When a person is diagnosed with cancer a process called staging is carried out. Stages refer to the marking of the cancer from I to IV to determine how far the cancer has spread. The international system used to classify cancer is called TNM staging, which refers to the tumor, node, and metastases.
Staging prostate cancer correctly is very essential as the stage of the disease determines the treatment. Once prostate cancer has been diagnosed the physician will establish how far the disease has progressed. In the first stage PSA tests and the biopsy would have identified the existence of the cancer.
The second stage reveals that the cancer has affected the prostate to some extent. The third stage will determine that the whole of the prostate is affected as are adjoining tissues or the bladder. The fourth stage reveals the extent to which the cancer would have spread to other parts of the body.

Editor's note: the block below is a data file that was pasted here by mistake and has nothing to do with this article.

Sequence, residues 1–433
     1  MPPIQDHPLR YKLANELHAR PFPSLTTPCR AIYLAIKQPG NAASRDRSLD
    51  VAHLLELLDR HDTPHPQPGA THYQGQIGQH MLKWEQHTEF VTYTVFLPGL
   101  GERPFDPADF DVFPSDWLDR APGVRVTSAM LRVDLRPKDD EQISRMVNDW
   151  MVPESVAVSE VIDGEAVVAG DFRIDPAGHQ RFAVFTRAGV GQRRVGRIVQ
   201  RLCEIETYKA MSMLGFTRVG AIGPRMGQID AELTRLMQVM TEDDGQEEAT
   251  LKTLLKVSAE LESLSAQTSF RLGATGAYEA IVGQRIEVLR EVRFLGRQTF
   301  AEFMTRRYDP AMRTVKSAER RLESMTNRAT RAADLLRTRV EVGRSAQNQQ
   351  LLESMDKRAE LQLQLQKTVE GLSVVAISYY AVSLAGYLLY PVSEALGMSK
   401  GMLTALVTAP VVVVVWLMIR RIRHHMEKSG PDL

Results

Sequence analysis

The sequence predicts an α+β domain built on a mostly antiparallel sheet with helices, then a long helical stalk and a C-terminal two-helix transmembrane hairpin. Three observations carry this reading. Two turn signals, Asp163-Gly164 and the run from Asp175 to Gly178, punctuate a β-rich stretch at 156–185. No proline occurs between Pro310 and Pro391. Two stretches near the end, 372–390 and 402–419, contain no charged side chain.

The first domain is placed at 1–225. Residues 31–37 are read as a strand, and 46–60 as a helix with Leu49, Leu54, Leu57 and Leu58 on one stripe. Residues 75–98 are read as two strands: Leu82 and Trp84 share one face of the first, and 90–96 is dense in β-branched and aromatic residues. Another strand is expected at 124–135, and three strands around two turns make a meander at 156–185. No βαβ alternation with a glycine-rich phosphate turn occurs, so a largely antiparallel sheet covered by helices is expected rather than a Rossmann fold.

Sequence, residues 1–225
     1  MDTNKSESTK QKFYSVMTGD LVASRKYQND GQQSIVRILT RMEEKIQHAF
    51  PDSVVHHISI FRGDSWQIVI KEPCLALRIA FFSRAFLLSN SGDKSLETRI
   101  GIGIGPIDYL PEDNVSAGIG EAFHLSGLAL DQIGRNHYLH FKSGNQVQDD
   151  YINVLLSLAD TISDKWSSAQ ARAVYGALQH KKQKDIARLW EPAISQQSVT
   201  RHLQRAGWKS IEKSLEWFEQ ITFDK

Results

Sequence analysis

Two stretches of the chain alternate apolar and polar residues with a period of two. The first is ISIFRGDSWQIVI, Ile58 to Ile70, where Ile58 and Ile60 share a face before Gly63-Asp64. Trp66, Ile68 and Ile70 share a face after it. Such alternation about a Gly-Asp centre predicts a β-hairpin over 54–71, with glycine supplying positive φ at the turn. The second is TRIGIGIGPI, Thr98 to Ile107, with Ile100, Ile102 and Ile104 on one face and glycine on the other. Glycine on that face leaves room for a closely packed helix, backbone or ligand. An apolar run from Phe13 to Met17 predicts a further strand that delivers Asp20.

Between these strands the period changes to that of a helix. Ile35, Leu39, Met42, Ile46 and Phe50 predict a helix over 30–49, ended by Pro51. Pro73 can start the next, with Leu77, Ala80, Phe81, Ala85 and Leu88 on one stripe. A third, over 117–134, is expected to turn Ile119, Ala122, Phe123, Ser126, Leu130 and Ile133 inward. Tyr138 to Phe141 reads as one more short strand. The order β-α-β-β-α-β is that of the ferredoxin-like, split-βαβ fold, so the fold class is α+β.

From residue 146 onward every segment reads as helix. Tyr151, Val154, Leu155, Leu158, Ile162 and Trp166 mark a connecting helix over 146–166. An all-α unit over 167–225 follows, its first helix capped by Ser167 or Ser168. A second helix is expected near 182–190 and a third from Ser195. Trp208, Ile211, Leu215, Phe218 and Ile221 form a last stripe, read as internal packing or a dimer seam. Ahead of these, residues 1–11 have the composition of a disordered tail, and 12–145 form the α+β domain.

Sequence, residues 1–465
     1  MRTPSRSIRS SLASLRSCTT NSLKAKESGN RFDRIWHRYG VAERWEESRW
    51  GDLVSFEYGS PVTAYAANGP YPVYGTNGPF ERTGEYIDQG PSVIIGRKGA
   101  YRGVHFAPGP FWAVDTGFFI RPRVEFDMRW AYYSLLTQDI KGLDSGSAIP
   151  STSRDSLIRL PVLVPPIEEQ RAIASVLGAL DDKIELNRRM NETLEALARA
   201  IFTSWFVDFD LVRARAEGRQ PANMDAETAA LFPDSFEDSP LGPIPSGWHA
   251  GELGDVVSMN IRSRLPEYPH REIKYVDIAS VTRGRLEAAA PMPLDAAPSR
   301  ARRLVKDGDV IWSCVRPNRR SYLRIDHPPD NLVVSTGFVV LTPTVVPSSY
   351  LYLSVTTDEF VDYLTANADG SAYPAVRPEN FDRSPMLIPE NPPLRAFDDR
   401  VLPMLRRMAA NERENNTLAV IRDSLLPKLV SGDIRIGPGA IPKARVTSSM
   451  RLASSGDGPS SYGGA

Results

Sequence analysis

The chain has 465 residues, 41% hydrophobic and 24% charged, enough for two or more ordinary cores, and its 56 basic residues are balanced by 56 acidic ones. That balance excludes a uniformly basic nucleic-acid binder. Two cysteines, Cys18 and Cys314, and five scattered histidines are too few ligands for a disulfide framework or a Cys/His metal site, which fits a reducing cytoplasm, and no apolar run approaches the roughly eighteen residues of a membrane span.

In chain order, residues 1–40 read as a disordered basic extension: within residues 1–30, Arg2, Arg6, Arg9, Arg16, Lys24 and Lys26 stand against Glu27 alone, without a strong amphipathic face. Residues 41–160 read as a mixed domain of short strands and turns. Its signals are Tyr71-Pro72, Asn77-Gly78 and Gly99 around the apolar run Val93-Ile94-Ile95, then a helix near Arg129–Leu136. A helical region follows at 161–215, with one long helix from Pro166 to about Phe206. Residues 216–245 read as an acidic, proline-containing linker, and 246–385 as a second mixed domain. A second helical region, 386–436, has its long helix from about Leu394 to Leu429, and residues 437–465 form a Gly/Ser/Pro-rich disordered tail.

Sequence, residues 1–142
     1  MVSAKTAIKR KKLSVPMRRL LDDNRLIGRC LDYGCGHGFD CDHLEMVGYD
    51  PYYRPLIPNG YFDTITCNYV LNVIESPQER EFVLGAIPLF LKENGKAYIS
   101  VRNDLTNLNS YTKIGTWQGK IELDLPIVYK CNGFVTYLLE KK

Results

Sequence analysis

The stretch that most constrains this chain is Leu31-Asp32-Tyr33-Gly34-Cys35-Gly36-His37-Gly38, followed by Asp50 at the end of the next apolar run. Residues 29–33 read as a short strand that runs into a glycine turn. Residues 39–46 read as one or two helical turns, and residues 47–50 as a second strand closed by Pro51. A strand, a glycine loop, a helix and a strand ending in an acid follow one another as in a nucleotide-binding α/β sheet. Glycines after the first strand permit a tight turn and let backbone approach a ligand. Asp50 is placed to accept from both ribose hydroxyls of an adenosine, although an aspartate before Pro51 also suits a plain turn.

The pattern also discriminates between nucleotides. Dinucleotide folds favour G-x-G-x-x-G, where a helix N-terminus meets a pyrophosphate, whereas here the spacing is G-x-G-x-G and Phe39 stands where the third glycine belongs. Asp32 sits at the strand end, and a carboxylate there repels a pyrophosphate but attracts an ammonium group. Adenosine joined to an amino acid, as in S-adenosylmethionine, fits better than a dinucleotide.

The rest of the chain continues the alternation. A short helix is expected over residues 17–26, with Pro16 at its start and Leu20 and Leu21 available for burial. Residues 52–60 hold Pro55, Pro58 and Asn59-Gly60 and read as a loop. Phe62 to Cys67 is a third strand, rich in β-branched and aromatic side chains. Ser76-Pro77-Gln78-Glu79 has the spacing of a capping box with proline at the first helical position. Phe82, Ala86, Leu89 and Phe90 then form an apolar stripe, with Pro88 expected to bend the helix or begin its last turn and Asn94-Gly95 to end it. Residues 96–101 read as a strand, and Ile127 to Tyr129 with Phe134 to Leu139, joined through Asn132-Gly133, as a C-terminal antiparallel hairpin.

In TNM staging the oncologist will look at the size of the tumor, the involvement of the lymph node, and the cancer’s metastasis. Stage T1 will confirm by biopsy the existence of the cancer though it cannot be seen or felt. Further subdivisions mean that the percentage of cancer in the prostate will be identified. Stage T2 will determine that either one or both sides of the prostate have been affected but that it is so far restricted only to the prostate.
Stage T3 will identify that the cancer has in fact spread to other parts beyond the prostate and the oncologist can determine if the seminal glands have been affected or not.
In stage T4 the tumors would have spread to the bladder or the rectum. Stage N refers to the spread or not of the cancer to the lymph nodes while in the M stage the tumor would have gone beyond to other parts of the body such as in the pelvic area or the bone.
The TNM system can also identify a cancer as being recurrent perhaps after remission or when all visible tumors have been destroyed.
The Jewett-Whitmore system is also sometimes used to stage prostate cancer in the United States. Oncologists also use the Gleason Score to stage prostate cancer criteria.
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